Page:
Rent $3,600 (market)
Square feet 2,300 (turn-of-century building)
Occupants John Caniffe (financial analyst); Michael Owens (contract paralegal, New York City Law Department); Kevin Phelan (sales rep, Fortis Insurance Co.); John Prom (mortgage broker, Countrywide Home Loans); Sean Whitson (freelance copy editor)
Elsie—the pit bull with the energy of 5,000 grown men! That’s what Kevin said. This is the biggest apartment I’ve ever been in. The hall alone is like a ballroom—you could swim in it. You’re near the New Ebony Hotel with the neon sign. The apartment buildings all have Ionic columns holding up the entryways. Adam Clayton Powell Jr. Boulevard is grand, so wide. [John C.] This was the Fifth Avenue of Harlem. [Kevin] Back in the day.
You’re on the very south end of Harlem right above 110th. Do you go to all the new Harlem restaurants? [Kevin] There aren’t too many right around here. Not too many Irish bars either. I go to 125th, get all the new rap CDs for $3 each.
You’re practically all of Irish descent. You make me think of all those cops in that convertible in Mulholland Falls with Nick Nolte. Kevin said John Prom found the place—he’ll be in the photograph but I heard he’s on his way back from New Orleans and he needs to recover—anyway Kevin said John Prom was driving in a car on the West Side Highway and saw a billboard: “Live in Harlem, come this way . . . ” How mythic. [John C.] When we called Tony, the realtor, he said, Do you mind looking above 96th? At first we said yes, but then we checked it out. [Michael] We moved in a month after 9-11. John Prom and I had been living together in Park Slope. [John C.] My lease was up in Brooklyn. [Sean] I moved from Allentown. [Kevin] I moved from D.C.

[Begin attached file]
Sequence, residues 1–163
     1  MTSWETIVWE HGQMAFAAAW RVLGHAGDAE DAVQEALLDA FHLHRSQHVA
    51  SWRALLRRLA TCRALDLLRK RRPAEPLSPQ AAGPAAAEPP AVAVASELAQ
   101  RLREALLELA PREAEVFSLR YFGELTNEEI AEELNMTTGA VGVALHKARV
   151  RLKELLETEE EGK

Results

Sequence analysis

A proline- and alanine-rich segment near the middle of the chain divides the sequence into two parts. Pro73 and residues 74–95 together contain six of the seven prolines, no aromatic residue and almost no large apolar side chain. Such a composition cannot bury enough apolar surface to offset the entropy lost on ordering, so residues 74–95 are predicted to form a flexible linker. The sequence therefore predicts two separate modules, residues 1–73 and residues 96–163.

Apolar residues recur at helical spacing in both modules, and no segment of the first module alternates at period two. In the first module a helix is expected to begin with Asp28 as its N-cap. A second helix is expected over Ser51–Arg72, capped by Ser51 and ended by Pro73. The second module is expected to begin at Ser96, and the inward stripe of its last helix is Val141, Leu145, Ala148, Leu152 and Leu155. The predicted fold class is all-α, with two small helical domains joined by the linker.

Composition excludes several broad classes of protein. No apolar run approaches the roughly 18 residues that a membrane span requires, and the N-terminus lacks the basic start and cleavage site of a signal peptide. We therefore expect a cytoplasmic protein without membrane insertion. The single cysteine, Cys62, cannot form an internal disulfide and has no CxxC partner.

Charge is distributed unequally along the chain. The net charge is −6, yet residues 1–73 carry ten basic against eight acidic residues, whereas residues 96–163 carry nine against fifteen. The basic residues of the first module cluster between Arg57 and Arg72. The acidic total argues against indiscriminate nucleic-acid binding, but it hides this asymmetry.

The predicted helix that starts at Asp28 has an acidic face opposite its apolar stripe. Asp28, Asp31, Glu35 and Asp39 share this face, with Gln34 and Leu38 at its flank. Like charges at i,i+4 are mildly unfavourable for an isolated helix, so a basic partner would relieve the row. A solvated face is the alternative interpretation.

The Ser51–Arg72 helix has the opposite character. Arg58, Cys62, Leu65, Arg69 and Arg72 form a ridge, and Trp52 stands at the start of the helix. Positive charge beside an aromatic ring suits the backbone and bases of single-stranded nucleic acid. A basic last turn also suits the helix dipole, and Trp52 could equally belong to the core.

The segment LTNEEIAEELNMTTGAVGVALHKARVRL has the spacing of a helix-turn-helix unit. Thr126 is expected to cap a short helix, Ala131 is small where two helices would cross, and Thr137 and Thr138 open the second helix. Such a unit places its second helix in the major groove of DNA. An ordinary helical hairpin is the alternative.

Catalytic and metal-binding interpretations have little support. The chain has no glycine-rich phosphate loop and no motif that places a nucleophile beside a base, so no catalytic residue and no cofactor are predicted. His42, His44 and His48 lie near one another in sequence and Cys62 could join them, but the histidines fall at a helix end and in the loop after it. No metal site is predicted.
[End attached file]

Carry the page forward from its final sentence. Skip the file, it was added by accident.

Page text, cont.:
Four of you went to Boston College together. I’m trying to imagine your nightlife. [Kevin] We go out together, Friday, Saturdays, depends. [Michael] Some of us do better than others. So it becomes an issue of where to go. [Kevin] I love the Upper West Side. It’s easier to get home from. Downtown, it’s tough to get a cab up here at 12 at night. [John C.] It’s a little difficult convincing girls to come back to Harlem. [Michael] Though Kevin was quite successful the minute he moved in. [Kevin] That’s ridiculous. [Michael] I didn’t get laid in that room once. Kevin has my room now. It was impressive.
Isn’t it a little awkward for a woman? It would be like going to a fraternity house but in later life. [Kevin] Absolutely. [Michael] Some say intimidating. John Prom is the only one who has a girlfriend. To this day he says she’s very sheepish coming over. I don’t think she’s that way otherwise. [John C.] Not that many people have roommates when they’re our age—27, 28.
Do you think you’ll be together in your seventies, rubbing Elsie’s stomach? She gets excessive physical attention. [Michael] Oh God. [Sean] I don’t see how one of us alone could manage Elsie. John Prom found her.
John Prom finds everything—the apartment, the dog. [Sean] The girlfriend. [John C.] John Prom pays the most rent. He’s got the biggest room. [Michael] John Prom and I grew up in the same town in Michigan, Grosse Pointe, and didn’t know each other and we both moved to the same small town in Connecticut. [John C.] I grew up in a candy store. We had a fire in my house. I have four older sisters. We had to find a house with enough bedrooms. The only one was with a candy store from 1929. Mrs. Moore, the lady who owned it, had to sell it. She was going blind. [Michael] You sold candy to the Boston Symphony. [John C.] Mrs. Moore sold candy to FDR and Katharine Hepburn. It’s called Stowaway Sweets. My parents started a bed-and-breakfast, Stowaway Suites. It’s like two rooms in my parents’ house.
This article from the Village Voice Archive was posted on April 22, 2003